A Look Back — and Ahead — at Lobbying

Filed in Advocacy by on February 10, 2017 2 Comments

capitolFor 75 years, NAHB has worked to convince lawmakers to support legislation that helps the home building industry grow.

And in an era where legislators on both sides of the aisle find it harder to work together, it’s even more important that NAHB lobbyists encourage and advocate for laws that offer a win for all: policies that promote more homeownership and rental housing opportunities.

“We have the luxury of working for an industry that wears a white hat,” says NAHB Executive Vice President and Chief Lobbyist Jim Tobin. “We’re an American-made product. There are home builders in every district in every state. We’re important to the tax base. We offer jobs. And our members are community leaders who aren’t just providing shelter, they’re providing stability and community leadership.”

But just like in home building, the tools have changed.

An ‘Arm’s Length’ Relationship

Thirty or 40 years ago, a friendly lunch was one way for both lobbyists and legislators to take each other’s measure and establish a sense of trust – and pave the way to talk the pros and cons of legislation or float ideas for improvement.

A wave of reform in the mid-90s did away with this practice – and that still has far-reaching consequences, said NAHB CEO Jerry Howard.

“You can’t buy votes by taking people to lunch, or the ballpark or the theater. But what it did was solidify relationships and help develop trust. It allowed people to know whether lobbyists were credible conveyors of information,” Howard said.

“Now, lawmakers are inundated with information, but they have less opportunity to determine whether people [who deliver it] are credible. It’s one of the things that has contributed to the polarization on the Hill. Back in the day, a member of Congress would have gotten to know the lobbyists on both sides, and that makes for more balanced opinions. Now, all arguments must be more finely tuned and irrefutable, because you get far fewer bites at the apple.”

Keep it Quick, Keep it Short

NAHB lobbyists still wear a path between the National Housing Center and congressional offices. But texts and emails are now the primary tools they use to get their messages to legislators. “For most [congressional] staffers, it’s their preferred method of communication,” Tobin said.

It means messages need to be short and to the point. “You have to boil it down to a page, or a half a page. Attention spans are much shorter today,” he said. “Nothing will ever replace shoe-leather lobbying, but people are much busier, and they’d rather not have to take the time to interact with a lobbyist with meetings in the front office.”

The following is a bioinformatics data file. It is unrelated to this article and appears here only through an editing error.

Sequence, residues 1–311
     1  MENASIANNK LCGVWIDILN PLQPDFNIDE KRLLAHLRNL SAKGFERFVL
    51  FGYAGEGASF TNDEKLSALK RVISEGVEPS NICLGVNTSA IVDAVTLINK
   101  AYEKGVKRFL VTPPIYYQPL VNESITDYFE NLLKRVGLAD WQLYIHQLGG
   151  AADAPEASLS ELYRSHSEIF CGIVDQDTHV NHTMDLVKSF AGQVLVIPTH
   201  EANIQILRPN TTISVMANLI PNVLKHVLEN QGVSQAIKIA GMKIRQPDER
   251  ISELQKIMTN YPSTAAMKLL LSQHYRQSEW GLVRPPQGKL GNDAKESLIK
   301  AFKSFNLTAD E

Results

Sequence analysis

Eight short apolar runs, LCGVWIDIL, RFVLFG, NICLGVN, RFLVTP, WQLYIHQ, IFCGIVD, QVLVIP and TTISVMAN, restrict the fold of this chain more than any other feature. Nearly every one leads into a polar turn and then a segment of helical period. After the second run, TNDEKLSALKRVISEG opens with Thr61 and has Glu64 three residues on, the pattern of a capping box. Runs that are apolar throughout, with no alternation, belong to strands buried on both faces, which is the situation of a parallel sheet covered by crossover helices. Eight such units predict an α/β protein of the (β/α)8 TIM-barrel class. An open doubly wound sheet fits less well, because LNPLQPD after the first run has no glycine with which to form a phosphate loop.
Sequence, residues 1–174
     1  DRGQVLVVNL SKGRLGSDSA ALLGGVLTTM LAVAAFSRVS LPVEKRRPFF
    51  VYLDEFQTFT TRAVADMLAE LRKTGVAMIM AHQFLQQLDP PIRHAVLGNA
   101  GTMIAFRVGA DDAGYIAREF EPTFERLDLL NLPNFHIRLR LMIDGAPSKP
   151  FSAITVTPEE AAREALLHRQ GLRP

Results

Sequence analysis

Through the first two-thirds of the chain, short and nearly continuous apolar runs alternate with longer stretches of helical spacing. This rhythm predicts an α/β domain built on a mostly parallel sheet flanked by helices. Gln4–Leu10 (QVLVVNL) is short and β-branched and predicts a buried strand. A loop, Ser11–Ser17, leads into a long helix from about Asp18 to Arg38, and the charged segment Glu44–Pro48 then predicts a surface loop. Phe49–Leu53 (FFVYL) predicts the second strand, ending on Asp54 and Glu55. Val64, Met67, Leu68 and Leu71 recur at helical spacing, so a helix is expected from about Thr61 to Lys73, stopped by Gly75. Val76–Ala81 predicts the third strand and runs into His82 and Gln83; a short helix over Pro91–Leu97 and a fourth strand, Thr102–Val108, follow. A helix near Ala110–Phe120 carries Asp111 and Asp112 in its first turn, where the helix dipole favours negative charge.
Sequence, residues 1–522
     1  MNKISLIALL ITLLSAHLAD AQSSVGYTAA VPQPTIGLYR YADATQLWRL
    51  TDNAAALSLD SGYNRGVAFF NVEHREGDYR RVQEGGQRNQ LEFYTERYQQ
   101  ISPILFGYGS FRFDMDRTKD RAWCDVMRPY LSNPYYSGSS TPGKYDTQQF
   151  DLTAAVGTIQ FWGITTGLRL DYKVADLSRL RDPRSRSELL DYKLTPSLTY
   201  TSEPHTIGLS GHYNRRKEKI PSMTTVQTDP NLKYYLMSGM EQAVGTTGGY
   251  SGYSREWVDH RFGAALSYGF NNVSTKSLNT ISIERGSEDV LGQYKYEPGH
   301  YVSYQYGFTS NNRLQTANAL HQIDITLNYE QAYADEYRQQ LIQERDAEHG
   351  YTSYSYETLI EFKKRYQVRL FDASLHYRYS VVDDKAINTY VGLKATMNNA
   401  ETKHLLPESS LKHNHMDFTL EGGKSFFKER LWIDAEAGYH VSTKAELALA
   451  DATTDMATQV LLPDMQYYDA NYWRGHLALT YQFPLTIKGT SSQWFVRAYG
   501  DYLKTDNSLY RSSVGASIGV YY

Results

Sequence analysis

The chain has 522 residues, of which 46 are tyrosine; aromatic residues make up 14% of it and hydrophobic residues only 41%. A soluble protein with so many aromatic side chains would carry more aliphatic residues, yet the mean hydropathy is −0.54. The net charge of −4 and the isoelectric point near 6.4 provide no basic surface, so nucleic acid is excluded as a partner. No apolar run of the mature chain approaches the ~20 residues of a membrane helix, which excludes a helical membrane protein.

Less Balance, More Partisanship

Both political parties bear responsibility for gerrymandering and carving up congressional districts to make it easier for one party or another to gain a vote. It’s not like the old days, Howard said, when the balance in a typical district might be closer to 50-50.

“There used to be a time when both Republicans and Democrats felt more of a moral obligation to be more moderate in their views, to try to find that middle ground,” Howard said.

“Now, it’s people from the extremes of both parties who are being elected, and that makes coalescing around a common view extremely rare. It’s dehumanized the process. Everything is ideological, and extremism has a much greater opportunity to prevail.”

The Growth of Grassroots

Few things are more important to a politician than staying in office, so they want to make sure their constituents are happy. That means that regularly gathering a group of home builders to meet with their member of Congress and their staff is more important than ever.

“It’s always better than cold calls from your office,” Tobin said. “We need to build those relationships, so when I need a senator or a representative to take a specific action for the industry, we have the people we need to move our agenda.”

New messaging tools make it easier for NAHB to target association members in specific legislative districts to encourage them to add their voices, and for NAHB to send emails to the legislators themselves. “We’re much more effective today,” he said.

As part of the Midyear Meeting in Washington this spring, NAHB will hold its biennial Legislative Conference June 14, when builders, remodelers and their trade partners will meet with their members of Congress to talk about issues of importance to the home building industry.

“I hope we break our attendance records this year,” Tobin said. “As an industry, we have a positive, affirming story to tell, and our members are the folks who need to get it across.”

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Comments (2)

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  1. Ashley B Richards Jr says:

    Right on Jerry & Jim! If nothing else the recent election has energized Americans and they are speaking up on the right, on the left and in the middle. Democracy only works if the people speak up and participate in the process. Maine will set a record for LC attendance this year.

  2. Michael Kurpiel says:

    In such a highly regulated industry, with hundreds of thousands of building related jobs, I am always amazed at how much NAHB achieves for all with actual participation numbers in the single %.

    NAHB’s government affairs staff, senior officers and truly politically engaged members are the true leaders of our home building industry.

    Please, share this article with your local HBA members. Demonstrate what has been done with a few and then ask the question “what could be done with many?”

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